Dr. Simon Miti, secretary of Zambia 's Ministry of Health, said his country's poverty kept it from paying health workers enough to keep them working and in the country, which allowed AIDS to spread. Donors tend to favor groups that already have the capacity to write a good grant proposal and often do not demand enough accountability, he said. Asked about corruption's effect, he agreed "it makes business very, very expensive" but noted that the country's former president and leaders are facing prosecution on corruption charges.


Female Condoms: a Tool to Stop AIDS

By Joanne Omang

TORONTO, Aug. 15- Female condoms, a potent weapon against AIDS, are an idea whose time has not only come but has been waiting around for years, researchers told the 16 th International AIDS Conference yesterday - they just need better marketing.

The latex or polyurethane devices, first marketed in the mid-1990s, have won broad acceptance in field trials in 40 countries, according to UNFPA, the United Nations Population Fund, which sponsored the evening panel discussion, one of more than 400 scheduled at this week-long gathering. "Things we know today, like female condoms, could stop this epidemic," said Mitchell Warren, now executive director of the International AIDS Vaccine Initiative and a longtime advocate for the devices. He called it "shocking" that only about 12 million are produced annually, half of which go to Brazil and South Africa, and most people still do not know the product exists.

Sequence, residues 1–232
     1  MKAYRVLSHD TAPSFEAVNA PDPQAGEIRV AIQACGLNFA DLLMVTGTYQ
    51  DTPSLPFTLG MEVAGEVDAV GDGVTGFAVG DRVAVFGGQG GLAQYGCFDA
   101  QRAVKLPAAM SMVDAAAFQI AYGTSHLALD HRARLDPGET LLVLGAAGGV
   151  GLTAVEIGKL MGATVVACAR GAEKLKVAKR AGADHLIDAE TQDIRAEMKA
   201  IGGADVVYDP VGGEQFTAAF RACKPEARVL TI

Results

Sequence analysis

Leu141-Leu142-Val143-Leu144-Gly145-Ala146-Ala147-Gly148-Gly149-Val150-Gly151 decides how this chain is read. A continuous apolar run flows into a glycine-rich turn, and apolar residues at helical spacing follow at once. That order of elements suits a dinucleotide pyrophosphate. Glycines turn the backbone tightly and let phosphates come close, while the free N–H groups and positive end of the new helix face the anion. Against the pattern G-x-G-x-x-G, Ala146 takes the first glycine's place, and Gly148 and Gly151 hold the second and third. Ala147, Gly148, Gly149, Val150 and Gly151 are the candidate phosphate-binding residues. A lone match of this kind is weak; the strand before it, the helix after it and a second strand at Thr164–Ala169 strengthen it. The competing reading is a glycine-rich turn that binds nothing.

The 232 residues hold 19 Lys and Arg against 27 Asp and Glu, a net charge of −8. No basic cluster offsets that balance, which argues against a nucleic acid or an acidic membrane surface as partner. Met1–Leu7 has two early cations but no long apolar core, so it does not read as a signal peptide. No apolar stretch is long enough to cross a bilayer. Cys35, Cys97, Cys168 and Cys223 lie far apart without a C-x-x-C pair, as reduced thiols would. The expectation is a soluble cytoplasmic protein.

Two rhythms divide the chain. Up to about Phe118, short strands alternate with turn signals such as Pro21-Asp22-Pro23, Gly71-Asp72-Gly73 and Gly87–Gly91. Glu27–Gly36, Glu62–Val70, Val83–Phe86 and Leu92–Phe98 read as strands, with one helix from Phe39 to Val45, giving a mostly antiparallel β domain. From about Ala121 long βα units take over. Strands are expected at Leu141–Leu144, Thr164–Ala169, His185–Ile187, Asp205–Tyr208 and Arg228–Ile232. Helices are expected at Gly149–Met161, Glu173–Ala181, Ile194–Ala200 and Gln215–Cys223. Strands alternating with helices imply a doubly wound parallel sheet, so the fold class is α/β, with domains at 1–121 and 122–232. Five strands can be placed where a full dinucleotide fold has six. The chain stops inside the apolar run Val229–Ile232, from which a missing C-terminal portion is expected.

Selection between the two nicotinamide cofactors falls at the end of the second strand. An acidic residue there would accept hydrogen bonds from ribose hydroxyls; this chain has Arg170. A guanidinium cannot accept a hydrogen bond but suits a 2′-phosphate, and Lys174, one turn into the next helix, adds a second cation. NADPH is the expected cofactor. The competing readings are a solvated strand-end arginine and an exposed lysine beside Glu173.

Bruce Campbell, former UNFPA representative in Zimbabwe, said the agency had distributed as many there as it could get. "Female condoms are expensive," about $1.70 each, "and we don't have enough money to bring in more supplies," he said. The price is a function of volume, Mitchell said: the greater the demand, the more producers would create, bringing down the unit price.

"However low the price is, for some people it's unaffordable," said Esperance Fundira, UNFPA representative in Malawi, where per capita income is less than $1 per day. She said the agency marketed female condoms in non-traditional places such as food markets and hair salons, but noted that the visibility of the devices means male partners must be recruited to cooperate in their use. She said UNFPA targeted sex workers in Malawi who introduce them as toys. But Campbell said that in Tanzania the agency had not targeted sex workers initially so as to avoid stigmatizing female condoms by association.

Such mixed approaches are required for varying cultural situations, the panelists agreed. Simone Martins da Silva, a consultant to Brazil's successful AIDS prevention efforts, said specific strategies were used for each target group, but that all got individual counseling and free male condoms as well. Conference participants each received a cloth packet containing a sample female condom and pictorial instructions on its use.

Mitchell praised The Pleasure Project, a British-based organization that works "to put the pleasure back in safer sex" and presents female condoms as a sex toy. "The social marketing for male condoms has been very successful but isn't matched yet for female condoms," he said.


Sex Workers Open "Stiletto Lounge" at AIDS Conference

By Joanne Omang

TORONTO , Aug. 14 - A huge, sexy shoe poster marks one of the most popular displays at the 16th International AIDS Conference: The Stiletto Lounge, where sex workers from around the world have come out of the shadows to announce that they want to be part of the solution to the AIDS epidemic, not part of the problem.

"You can't fight HIV without sex workers, and we can't fight HIV without workers' rights," proclaims their enormous poster-cum-program, which features a foot-high black silhouette of a muscular woman draped in the red AIDS ribbon. A similar T-shirt is a hot conference item, and the "lounge" features an oversize "bed" adorned with lush Indian fabric, sex toys and, of course, condom packages.